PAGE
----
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Vital Weekly 576

img  Tobias

A big questionmark came over my head when I saw the name Felipe Caramelos, but upon checking the website mentioned on the cover, there is no mistake: Felipe was once Lt. Caramel. But it wasn't the only questionmark: both CDs are packed in identical packages, same covers and different booklets, but they contain different music. Enter third questionmark: why? Both CDs have only three tracks, spanning each around eighteen minutes. Why not fit on one CD? Maybe I'm missing a point. The music is not far away from the original Lt. Caramel sound, which hardcore fans immediately recognize: many voices. Eleven different people's voices are used, many of them are French and English but also some are Russian - probably from the people of Waystyx Records. It adds that poetic feel to the music that is such a common (but nice and unique) place in the musique concrete of Lt. Caramel. I am told that the voices are inspired by slave songs, hence the title, which means 'forbidden song', although the texts do not relate directly to slavery. The instrumental part is a nice mixture of orchestral passages and field recordings, mainly street sounds. Lt. Caramel's music is poetic in approach, even when it's not always to grasp what his poetry is about and perhaps this is what makes the music so fascinating. It stands completely in the tradition of concrete music, but has a true and strong voice of his own. Despite the questionmarks raised! (FdW) Address:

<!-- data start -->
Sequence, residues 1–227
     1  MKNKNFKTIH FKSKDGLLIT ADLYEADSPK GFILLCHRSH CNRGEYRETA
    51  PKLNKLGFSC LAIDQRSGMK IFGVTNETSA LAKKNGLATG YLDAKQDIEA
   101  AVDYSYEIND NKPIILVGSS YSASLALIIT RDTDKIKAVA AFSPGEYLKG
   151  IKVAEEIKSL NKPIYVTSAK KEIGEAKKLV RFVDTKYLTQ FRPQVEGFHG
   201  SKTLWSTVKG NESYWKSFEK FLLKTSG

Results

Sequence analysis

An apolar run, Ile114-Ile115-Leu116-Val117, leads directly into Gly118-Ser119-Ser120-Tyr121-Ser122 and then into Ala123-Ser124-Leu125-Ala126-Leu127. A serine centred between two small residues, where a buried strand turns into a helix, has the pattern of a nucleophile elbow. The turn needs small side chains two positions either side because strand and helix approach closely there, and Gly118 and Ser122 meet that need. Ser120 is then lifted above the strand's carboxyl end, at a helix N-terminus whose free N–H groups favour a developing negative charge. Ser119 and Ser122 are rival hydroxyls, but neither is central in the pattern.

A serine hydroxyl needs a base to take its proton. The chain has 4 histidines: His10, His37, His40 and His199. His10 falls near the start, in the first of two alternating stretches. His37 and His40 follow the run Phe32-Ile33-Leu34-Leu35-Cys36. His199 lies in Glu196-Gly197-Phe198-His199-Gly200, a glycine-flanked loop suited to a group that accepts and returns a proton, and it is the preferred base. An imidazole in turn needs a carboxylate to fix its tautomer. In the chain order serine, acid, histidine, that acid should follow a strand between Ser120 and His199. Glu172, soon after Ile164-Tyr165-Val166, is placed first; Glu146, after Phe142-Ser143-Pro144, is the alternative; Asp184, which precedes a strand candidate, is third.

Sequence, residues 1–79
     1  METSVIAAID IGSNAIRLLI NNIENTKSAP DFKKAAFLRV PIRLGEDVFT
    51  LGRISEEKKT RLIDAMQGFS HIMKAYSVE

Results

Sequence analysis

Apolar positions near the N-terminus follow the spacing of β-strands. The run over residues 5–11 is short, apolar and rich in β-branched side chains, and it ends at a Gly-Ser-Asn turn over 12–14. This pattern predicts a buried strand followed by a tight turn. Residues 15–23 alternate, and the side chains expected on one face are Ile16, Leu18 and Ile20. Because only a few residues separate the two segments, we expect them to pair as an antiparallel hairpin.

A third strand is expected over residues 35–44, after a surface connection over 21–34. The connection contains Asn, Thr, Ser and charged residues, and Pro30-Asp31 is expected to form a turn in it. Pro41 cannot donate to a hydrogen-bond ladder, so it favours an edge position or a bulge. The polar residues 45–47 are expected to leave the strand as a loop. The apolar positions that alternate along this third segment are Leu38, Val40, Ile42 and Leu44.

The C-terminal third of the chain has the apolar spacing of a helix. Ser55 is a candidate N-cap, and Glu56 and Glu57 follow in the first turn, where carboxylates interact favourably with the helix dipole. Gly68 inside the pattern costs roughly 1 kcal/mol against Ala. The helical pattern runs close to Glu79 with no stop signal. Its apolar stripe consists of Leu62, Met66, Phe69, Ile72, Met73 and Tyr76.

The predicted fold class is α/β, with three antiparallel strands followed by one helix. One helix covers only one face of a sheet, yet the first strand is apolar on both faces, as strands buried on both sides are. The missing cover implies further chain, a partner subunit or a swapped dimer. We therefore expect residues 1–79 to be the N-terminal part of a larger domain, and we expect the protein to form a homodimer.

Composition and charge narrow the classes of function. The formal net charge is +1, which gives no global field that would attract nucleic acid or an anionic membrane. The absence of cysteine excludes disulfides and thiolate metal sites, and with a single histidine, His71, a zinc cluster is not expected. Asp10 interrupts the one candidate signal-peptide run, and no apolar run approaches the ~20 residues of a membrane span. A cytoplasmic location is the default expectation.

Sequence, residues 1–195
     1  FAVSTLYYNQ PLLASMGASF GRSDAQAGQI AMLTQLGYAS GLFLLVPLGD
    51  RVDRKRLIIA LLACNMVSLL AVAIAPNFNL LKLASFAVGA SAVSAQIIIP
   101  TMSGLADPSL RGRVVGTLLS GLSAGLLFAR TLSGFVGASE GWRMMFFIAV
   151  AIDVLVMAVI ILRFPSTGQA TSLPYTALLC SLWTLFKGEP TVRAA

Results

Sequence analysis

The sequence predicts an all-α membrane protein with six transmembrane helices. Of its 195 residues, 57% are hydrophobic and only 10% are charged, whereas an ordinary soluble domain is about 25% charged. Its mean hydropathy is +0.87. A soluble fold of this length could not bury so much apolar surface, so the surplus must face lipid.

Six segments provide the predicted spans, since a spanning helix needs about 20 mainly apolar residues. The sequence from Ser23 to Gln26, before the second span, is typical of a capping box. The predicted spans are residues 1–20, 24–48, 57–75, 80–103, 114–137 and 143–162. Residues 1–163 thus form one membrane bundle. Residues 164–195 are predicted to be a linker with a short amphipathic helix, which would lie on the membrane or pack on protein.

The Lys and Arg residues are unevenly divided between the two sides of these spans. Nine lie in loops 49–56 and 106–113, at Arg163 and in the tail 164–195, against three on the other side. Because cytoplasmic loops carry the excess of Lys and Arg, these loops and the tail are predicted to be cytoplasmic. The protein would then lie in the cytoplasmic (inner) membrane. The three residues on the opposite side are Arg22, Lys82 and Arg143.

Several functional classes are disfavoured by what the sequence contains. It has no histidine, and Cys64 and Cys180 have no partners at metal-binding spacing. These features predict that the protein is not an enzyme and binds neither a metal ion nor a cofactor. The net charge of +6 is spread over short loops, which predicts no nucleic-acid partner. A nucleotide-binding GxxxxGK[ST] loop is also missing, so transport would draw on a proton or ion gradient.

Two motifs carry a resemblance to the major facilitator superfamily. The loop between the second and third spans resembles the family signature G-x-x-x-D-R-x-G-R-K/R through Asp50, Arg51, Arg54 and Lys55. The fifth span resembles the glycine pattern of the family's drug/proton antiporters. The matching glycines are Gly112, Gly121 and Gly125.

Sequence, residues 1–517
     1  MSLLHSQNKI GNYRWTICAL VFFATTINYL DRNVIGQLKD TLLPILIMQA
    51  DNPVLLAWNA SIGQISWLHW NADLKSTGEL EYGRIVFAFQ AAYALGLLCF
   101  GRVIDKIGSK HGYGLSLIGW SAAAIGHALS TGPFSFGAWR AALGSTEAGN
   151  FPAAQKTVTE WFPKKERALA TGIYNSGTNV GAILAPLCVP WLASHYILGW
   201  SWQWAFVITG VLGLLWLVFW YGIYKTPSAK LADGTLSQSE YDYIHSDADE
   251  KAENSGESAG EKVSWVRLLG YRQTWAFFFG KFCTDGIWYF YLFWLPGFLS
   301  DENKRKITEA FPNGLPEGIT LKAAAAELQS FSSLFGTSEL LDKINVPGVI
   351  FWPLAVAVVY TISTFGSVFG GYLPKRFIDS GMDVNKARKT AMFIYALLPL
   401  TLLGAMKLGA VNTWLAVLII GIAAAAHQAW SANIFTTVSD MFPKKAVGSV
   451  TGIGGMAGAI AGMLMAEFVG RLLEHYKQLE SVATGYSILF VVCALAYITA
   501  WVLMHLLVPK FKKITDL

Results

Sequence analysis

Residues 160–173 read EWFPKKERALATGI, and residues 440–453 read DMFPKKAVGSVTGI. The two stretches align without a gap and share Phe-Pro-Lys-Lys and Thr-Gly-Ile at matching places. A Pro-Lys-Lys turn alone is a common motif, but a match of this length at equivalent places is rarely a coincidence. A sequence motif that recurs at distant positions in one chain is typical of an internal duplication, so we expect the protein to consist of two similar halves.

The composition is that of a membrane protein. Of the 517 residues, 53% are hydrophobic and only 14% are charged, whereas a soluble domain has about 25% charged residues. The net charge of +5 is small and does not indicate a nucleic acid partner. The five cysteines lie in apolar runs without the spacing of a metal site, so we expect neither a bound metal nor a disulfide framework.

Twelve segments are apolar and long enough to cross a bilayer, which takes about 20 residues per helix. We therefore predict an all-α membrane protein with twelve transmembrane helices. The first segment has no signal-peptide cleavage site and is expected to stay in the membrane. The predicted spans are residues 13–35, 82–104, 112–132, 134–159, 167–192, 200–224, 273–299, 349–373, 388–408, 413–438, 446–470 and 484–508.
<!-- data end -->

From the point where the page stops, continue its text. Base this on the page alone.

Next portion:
Over the past few years we came across the name Burkhard Beins as the percussion player in various ensembles, most notably Perlonex and Trio Sowari, but also playing improvised music with people like Keith Rowe and Charlemagne Palestine. However I don't recall ever having reviewed something by him that was a solo production (I might very well wrong). Whatever I expected from a solo disc by a drummer, I was wrong. Actually come to think of it: was I expecting something at all then? Perhaps not. Many drummers and percussion players going solo or working with electronics play something that is far away from anything overtly rhythmic. Jason Kahn, Gert-Jan Prins or Jon Mueller are just three examples. Beins offers a bunch of pieces on this CD which are in some way probably being 'percussive' but at the same time also highly electronic. The cover lists per tracks what it is that he does, which makes an inspiring reading: there is talk of field recordings (water, heating system, electric gas igniter), analogue synthesizers, a 12 metre string, but also a cymbal and floortom and even, perhaps the biggest surprise, 'brief snippets from the very beginnings and endings' of Joy Division songs (in 'For Ian Curtis'). That makes this into a highly interesting release, even before hearing it. It's a bit of bummer that the linernotes don't match with the order of the songs on the CD. The CD print has a different order, which is not on the cover. When I was playing this CD, I kept thinking: can one hear that this is the work of a percussion player, and between the many layers of field recordings, clicks and hiss, my answer in the end was affirmative. One can. Probably as much as say Jason Kahn, it has that similar rhythmic quality, as even when not as ambient based as Kahn, Beins plays captivating pieces of drone like material. Unfortunately the only let down was the 'For Ian Curtis' piece, which had some faint remembering of Joy Division, but throughout this piece couldn't bother me very much. Otherwise: great CD. (FdW) Address: